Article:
Echeveria genus. Common Types: Mexican Firecracker / Briar Rose / Desert Saviour

Covering a huge variety of flowering and non-flowering succulents, echeveria come in an astounding range of shapes and colours. In fact, there are over one thousand different varieties of this extremely popular genus. These sweet little plants are so easy to love. They’re kind of pudgy, uber cute and most brilliantly, very, VERY easy to look after. These succulents grow in attractive little rosettes and make an excellent addition to terrariums, indoor gardens and hanging planters alike!

Where Does It Come From?

Native to Mexico, Central America and the arid northwestern parts of South America, the echeveria’s unfussy needs are a product of their harsh environments. They thrive in drought and are extremely hardy: able to tolerate high temperatures, strong air currents and weeks without water. 

Why Should I Get One?

  • Just everything! What’s not to love!? Echeveria are beyond cute and practically impossible to kill. One of the most tolerant indoor plant groups there is, these pretty little plants are just perfect for houseplant beginners, as well as being incredibly versatile. The echeveria are wonderful additions to almost any kind of indoor plant fixture.
  • Extremely cheap to purchase, and ideal for new plant parents.

How Big Can It Grow? 

Varying from subspecies to subspecies, echeveria plants can grow to differing final sizes. They tend to stay quite small, rarely exceeding 30cm or so in height or spread. It’s part of what makes them so darn cute! Echeveria’s spread by producing offshoots from the mother rosettes which can be easily separated from the mother plant and grown in a separate container. Easy to keep contained, the echeveria is perfect for indoor cacti/succulent gardens and terrariums.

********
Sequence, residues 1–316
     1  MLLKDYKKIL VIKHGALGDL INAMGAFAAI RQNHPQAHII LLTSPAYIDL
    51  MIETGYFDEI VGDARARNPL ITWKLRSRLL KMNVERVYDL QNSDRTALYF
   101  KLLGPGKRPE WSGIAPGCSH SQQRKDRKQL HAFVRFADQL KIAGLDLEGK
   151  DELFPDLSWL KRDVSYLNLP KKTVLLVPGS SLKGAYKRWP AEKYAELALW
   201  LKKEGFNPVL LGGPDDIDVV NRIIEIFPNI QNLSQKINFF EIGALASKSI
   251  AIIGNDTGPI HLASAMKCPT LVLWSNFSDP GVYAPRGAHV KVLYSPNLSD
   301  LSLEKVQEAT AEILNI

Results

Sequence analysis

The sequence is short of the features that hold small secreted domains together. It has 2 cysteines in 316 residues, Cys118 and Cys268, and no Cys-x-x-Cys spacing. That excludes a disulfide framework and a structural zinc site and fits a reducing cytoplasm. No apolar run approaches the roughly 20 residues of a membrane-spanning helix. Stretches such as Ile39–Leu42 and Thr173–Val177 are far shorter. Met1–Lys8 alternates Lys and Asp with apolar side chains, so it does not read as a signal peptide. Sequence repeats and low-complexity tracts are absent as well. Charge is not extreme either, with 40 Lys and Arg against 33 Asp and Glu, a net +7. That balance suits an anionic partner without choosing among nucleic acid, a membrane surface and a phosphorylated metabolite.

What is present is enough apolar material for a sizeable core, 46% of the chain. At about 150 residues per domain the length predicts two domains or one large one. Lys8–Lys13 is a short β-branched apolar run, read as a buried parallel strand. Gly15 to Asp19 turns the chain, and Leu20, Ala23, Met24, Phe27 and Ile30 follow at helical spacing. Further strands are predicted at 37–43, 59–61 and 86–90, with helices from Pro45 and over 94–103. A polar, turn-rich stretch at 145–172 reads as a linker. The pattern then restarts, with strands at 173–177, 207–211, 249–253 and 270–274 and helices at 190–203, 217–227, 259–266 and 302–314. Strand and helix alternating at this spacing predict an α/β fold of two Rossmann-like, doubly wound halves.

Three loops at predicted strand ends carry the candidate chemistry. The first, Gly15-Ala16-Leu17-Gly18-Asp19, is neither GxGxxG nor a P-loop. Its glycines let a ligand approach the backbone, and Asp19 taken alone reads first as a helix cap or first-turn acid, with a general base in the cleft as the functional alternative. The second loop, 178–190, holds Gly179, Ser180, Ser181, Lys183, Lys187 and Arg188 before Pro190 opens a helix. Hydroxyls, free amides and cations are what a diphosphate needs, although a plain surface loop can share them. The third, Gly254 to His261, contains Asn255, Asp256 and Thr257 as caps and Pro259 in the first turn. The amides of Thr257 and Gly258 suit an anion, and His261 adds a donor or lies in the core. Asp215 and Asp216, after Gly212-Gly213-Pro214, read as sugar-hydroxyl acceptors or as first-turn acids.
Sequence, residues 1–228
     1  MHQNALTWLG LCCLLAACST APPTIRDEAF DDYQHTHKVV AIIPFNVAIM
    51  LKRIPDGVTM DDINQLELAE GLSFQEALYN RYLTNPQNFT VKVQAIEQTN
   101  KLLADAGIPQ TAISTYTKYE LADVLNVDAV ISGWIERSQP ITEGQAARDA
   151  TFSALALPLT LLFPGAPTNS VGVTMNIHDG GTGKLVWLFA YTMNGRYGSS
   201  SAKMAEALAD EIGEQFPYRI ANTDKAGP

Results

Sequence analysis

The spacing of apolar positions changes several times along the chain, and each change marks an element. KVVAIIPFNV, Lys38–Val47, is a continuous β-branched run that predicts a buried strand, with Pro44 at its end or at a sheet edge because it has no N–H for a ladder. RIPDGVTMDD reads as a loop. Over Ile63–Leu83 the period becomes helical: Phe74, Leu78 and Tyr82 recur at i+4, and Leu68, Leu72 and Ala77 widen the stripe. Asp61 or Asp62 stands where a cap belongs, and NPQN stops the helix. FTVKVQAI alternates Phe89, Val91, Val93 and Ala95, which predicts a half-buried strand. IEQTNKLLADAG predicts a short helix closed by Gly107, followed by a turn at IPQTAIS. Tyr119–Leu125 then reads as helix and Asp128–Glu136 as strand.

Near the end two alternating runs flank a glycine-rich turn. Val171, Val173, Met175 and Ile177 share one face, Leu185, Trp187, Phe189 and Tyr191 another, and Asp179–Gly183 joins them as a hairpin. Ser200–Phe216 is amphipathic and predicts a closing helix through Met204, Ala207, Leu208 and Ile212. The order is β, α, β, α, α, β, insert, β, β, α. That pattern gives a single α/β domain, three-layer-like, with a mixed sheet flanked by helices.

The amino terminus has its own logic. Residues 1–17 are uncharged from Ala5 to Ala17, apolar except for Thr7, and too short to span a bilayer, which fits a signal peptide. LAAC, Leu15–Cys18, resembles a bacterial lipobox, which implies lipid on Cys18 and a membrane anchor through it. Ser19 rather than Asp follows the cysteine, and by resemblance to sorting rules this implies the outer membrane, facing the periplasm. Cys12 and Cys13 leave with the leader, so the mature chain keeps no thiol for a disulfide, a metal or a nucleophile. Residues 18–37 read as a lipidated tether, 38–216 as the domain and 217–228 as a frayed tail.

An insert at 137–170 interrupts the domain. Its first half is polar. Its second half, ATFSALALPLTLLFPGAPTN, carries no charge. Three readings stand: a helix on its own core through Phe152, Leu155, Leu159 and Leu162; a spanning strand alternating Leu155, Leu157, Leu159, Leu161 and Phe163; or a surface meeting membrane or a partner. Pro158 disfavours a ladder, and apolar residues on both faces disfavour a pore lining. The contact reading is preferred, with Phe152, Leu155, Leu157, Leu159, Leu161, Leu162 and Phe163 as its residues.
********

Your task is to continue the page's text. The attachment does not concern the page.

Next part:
Where Should I Keep It? 

Echeveria are exceptionally tolerant. They can accept warmth, blazing heat and even dry cold, so usually wherever you place them in your home, they should be just fine. They don’t react brilliantly to the cold and wet combo though, so anywhere where they may be exposed to frost will be too much for them. Native to deserts, the echeveria prefer to bask in bright light and thrive best in well-light spaces full of sunshine, tolerating the heat of full sun with no issues. 

Pot-wise, most echeveria prefer loose, sandy soil and can tolerate growing in very small pots. This is part of what makes them such a wonderful choice for those of you building terrariums. These succulents also enjoy non-glazed pots if possible, as it allows the moisture to evaporate more easily. 

How Often Should I Water It? 

It is essential that you don’t over-water these little treasures. They hate it. Moderate watering every now and then (no more than once per week) will certainly do the trick, and feeding is rarely necessary. As plants that are extremely vulnerable to root-rot, filling the planter with too much moisture can be the end of them.  I would recommend letting the soil dry out completely in between waters to avoid this problem. 

You really cannot go wrong with an echeveria. Whether you are cultivating an indoor succulent garden, designing a funky geometric terrarium, or curating a stunning hanging basket, trust me, out there somewhere is the perfect echeveria for you! 


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